Chapter 8

   The good times Brad Telly and her sisters had when they were kids were always the day after their family fights, which were usually on the days before a holiday. Christmas Day was always fun happy because it was after the big Christmas Eve scrape. All the presents didn’t hurt, either.

   The fights usually happened before or on the holiday, not afterwards. On Easter, the 4th of July, and Thanksgiving there was always a knockdown. Alma or Fred, or both of them at the same time, would start the fight. Afterwards the family pulled it together for the holiday, to look good for the big day. They had to look better for the neighbors and in-laws and pets.

  One Christmas all their cousins from Pennsylvania, Telly’s mom and dad’s sisters and all their kids, were at their house. The house was warm and cozy and there weren’t any fights. They were all looking good.

   It was Christmas Eve morning and Eric from Philadelphia passed gas.

   “Oh, that’s a wet one,” somebody said, and that started the whole thing, which turned out to be the flu. It went from Eric to Curtis on down to Kim and Skip and the rest of them. Everybody barfed and barfed for days.

   Alma was beyond pissed. She was beside herself. She wanted to go to a hotel, even though she was a nurse. She would have jumped ship if she could have, but Fred made her stay.

   Every 4th of July there was a street party. They lived on one of the only two cul-de-sacs in Bay Village. In the morning all the kids would decorate their bikes and they would have a bike parade. Their parents judged the bikes and gave out prizes.

   They played games all day and later in the afternoon everybody carried their grills and picnic tables to the end of the cul-de-sac for a party. They had food and their parents had coolers of beer. Everyone would party and they were great times.

   Alma wore a t-shirt that said JOE BALLS on the front and FROM NEWTON FALLS on the back. It was a family joke. They had an uncle named Harold who lived in Newton Falls, but they called him Joe Balls. Nobody knew why.

   One summer a waterspout from off the lake touched down in Bay Village during their street party. They were out in the street playing. All of their parents were trashed. When Telly ran into the house to tell her mother she said, “Go back out there and play.” But they ended up having the rest of the party in our garage once Fred saw what was going on.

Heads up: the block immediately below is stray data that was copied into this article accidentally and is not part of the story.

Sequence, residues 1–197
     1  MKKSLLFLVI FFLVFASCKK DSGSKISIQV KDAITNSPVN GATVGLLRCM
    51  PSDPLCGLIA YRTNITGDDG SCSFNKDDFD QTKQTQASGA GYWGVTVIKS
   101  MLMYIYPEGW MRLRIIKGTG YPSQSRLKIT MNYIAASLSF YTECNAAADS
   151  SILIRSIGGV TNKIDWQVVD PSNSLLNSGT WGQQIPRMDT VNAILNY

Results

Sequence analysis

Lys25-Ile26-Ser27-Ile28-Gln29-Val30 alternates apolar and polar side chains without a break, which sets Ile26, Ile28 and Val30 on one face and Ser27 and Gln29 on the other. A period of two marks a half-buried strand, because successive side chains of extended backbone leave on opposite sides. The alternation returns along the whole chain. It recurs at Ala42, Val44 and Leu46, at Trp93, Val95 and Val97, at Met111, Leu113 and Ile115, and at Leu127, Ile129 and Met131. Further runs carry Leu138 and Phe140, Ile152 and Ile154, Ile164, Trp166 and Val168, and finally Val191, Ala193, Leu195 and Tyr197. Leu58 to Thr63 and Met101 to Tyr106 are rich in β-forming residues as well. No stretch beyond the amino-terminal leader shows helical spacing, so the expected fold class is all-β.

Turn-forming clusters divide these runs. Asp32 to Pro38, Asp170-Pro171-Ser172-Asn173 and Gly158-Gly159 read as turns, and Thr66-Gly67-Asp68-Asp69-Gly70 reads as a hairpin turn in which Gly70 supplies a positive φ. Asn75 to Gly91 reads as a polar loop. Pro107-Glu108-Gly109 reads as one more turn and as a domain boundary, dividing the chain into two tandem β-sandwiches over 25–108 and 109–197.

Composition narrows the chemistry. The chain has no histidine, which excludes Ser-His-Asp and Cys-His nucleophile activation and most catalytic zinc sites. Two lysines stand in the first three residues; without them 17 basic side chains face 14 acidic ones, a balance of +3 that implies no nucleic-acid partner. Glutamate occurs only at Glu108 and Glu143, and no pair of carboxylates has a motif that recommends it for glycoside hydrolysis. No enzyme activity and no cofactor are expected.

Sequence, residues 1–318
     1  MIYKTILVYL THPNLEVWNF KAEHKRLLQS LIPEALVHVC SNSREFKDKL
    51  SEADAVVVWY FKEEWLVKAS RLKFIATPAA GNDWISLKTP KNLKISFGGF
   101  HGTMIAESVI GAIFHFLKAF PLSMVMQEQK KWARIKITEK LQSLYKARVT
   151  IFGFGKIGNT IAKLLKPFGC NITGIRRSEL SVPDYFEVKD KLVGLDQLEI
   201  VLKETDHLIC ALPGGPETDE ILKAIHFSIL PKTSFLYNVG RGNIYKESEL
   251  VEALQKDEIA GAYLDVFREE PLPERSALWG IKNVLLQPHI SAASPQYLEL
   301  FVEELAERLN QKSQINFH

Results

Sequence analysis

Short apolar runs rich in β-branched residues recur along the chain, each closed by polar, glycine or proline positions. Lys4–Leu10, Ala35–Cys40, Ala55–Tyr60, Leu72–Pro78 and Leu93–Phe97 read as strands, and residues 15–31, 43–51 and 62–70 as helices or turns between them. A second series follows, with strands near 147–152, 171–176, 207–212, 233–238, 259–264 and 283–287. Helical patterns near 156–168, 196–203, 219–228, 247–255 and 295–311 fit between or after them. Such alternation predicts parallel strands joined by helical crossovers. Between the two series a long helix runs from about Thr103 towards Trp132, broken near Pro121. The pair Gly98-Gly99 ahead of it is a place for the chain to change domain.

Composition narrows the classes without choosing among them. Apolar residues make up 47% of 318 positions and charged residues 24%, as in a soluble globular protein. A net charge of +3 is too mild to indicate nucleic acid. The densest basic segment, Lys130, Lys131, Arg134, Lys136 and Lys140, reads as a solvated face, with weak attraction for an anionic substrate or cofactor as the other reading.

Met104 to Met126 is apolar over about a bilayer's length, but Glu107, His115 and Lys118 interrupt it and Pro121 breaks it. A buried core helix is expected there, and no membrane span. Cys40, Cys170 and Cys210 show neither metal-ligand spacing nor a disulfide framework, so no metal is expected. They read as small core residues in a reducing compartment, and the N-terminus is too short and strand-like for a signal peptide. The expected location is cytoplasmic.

When Alma became a nurse, she wore a t-shirt that said BUSHER THE PUSHER because she was an IV Therapist. She was the one who loaded the IV’s with drugs. She became a nurse when Telly was in 5th grade. She had all of them still in the house and before they knew it decided she wanted a career. Telly’s grandparents put her through nursing school, paying for it all. She studied at Tri-C and later worked at Lakewood Hospital.

  It was the same year, when she was at Normandy Elementary School, during the Miracle of Richfield, that Telly got a pair of tennis shoe roller skates and lived in them for years.

   They had a teacher named Mr. Barton and he loved to hoe down dance and dribble basketballs at the same time. He taught them to do it and they got so good at it that they were invited to perform at a Cleveland Cavs game.

   It was the year the Cavs were scrappy and good and played the Washington Bullets in the conference finals. They watched it on TV. The crowds were so noisy people in the stands wore earplugs and the players on the benches stuck their fingers in their ears.

   “If you don’t drop your ball, or double dribble, or anything else helter-skelter during the performance, I’ll buy you whatever you want,” her dad said. Telly told him she wanted tennis shoe roller skates.

   “Whatever you want,” he said.

   They were colossal that night doing their hoe down dribble dance at halftime at the Richfield Coliseum, which isn’t there anymore. It’s just a big empty field full of weeds now that it’s been torn down. They danced to the song “Saturday Night” by the Bay City Rollers.


   Telly lived in her skates from that day on. She put them on first thing in the morning and skated all over the house. She did axles in the streets and figure skated every day in her tennis shoe roller skates But, she wasn’t allowed to wear them to school. Even so, she wore them all the time until she got her first pair of high heels.

   “The roller skates came off right after that and I’ve never been out of high heels since. The reason is that I stopped growing when I was in 6th grade. After that I found out I was going to be short, a pygmy. My mom was a pygmy, too. I don’t know that she was ever taller than five-foot-one. Everybody else in our family was taller than me. My dad was six-foot-something. I was the shortest of all the kids, shorter even than Bamm-Bamm.”

   Alma got Thelma a pair of Candies. They were plastic made to look like wood and had a strap across the top of the foot that stopped about mid-way up. A girl could wear them with anything, shorts, skirts, disco pants. They were the hot shoe. Every kid had to have a pair.

   “You’re going to be in these for the rest of your life,” Telly’s mom told her. “You will never get out of them.”

   She made Telly practice walking in them, up and down the driveway, then up and down the street, and finally up and down the stairs.

   “You don’t want to walk like a clod,” she said. “A lot of girls stomp in their high heels, but you’re going to walk like a lady.”

   She got to the point where she could run in them fast. She could chase dogs. She was still fast, not as much as she was then, but still fast if she had to be. She didn’t know who invented high heels, but thought women owed them a lot. You put high heels on, and you change. Everything is different in them. Your body moves to a different kind of tempo. Her favorite things were dogs and shoes. She loved dogs the most, but shoes were a close second.

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